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July Spirit of the Month: Agave!

written by Jake

When you think agave, you probably instantly think of Tequila. The history of Tequila goes back thousands of years. Before it became the distilled spirit we know and love today though, it started out as something called Pulque. Pulque is a milky white fermented beverage made from the fermented sap of the Agave plant. It’s believed to have been consumed as early as 1000 B.C. by the Olmec people. When the Spainards arrived in Mexico, they began distilling the Pulque and the first iteration of Tequila (or more likely Mezcal) was born. 


There are several strict rules surrounding Tequila. Tequila must be made using only Blue Weber Agave. Tequila can also only legally be made in the Mexican states of Guanajuato, Jalisco, Michoacan, Nayarit, and Tamaulipas. Agave based spirits can be made in other places, they just can’t be called Tequila.  

The other big thing to watch out for in the Tequila industry is whether or not Tequila has additives. The main additives that are used in the industry are various sweeteners, vanilla, citrus, or oak flavorings, and caramel coloring. If a producer keeps the amount of additives below 1%, they don’t have to tell you they’re using them. Additives don’t necessarily make Tequila bad, but the lack of transparency in the production of the product can be frustrating. Luckily, there are many brands that are certified additive free (ask one of our staff members about our “Additive Free Tequila section”). Here are a couple recommendations for our favorite additive free tequilas: 

Tres Agaves is an excellent, certified additive free producer. Their Blanco Tequila is bright and citrusy, with some white pepper notes on the finish. It makes an excellent Margarita and is even good enough to sip on straight! Try it in a France 44 Passion Fruit Margarita! 

Mijenta is an additive free, sustainably made Tequila. Maestra Tequilera, Ana Maria Romero, has worked incredibly hard to create a Tequila that is both sustainable, and representative of the unique terroir of the Jalisco highlands. She has succeeded in creating an intensely aromatic and flavorful tequila that brings waves of citrus, honey, and melon flavors. This one is truly a spirits team favorite.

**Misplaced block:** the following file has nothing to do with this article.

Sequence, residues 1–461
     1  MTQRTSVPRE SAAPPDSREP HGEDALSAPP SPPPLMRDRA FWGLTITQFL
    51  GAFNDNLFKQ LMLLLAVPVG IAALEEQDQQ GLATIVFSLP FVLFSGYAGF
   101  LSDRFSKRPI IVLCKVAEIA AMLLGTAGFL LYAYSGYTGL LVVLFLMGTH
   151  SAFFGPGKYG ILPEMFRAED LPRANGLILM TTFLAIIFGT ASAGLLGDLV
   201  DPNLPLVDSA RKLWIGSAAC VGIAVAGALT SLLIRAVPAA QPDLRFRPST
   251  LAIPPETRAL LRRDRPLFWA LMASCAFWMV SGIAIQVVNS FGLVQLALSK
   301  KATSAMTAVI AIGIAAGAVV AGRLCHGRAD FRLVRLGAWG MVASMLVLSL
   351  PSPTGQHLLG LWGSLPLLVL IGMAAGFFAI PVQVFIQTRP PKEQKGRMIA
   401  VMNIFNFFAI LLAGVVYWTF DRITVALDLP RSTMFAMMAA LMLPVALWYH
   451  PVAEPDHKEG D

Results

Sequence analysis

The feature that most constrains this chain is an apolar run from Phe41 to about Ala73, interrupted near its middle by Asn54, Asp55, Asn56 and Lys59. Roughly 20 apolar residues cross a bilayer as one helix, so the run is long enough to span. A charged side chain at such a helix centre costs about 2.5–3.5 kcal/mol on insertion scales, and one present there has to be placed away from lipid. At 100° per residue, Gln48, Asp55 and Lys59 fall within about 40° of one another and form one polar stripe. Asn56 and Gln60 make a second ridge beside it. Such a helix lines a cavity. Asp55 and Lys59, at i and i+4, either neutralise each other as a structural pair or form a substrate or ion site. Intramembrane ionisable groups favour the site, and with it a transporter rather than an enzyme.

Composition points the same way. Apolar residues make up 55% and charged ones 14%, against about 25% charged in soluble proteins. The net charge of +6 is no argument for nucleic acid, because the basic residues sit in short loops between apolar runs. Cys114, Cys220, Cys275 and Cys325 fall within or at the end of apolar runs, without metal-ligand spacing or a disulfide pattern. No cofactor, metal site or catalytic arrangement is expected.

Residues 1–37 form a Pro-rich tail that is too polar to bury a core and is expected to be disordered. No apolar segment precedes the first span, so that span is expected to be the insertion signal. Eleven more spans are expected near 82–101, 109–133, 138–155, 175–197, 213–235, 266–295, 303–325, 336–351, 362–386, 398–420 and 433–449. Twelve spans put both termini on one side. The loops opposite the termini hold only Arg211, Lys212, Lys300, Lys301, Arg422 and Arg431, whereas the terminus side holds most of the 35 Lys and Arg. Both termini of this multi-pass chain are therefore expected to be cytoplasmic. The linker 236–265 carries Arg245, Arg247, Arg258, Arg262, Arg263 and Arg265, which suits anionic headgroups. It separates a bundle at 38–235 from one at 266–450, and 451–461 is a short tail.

While tequila can only be made using a single type of Agave, Mezcal can be made using 30 different types. This allows for a wide range of flavors in Mezcal, ranging from briny and smokey to bright and fruity. The Mexican state that produces the most Mezcal by far is Oaxaca, but there are 12 total states that can make it. Mezcal can also be made with multiple types of Agaves in one bottle, allowing for Mezcaleros to play with flavors as they see fit. 

An ensamble between Espadin and Barril Agaves, Banhez is fantastic for sipping or mixing. The different agaves create a beautiful flavor profile that has notes of tropical fruits with a hearty, smokey backbone. This is a great Mezcal for newbies and Mezcal veterans alike. Try it in our France 44 Uniform cocktail! 

Classic Margarita Recipe

  • 1 oz lime juice
  • 0.5 oz simple syrup or agave syrup
  • 0.5 oz orange liqueur
  • 2 oz Tres Agaves Blanco Tequila

Add all ingredients to shaker filled with ice. Shake about 15 seconds until well chilled. Pour with ice into class and garnish with a lime wheel.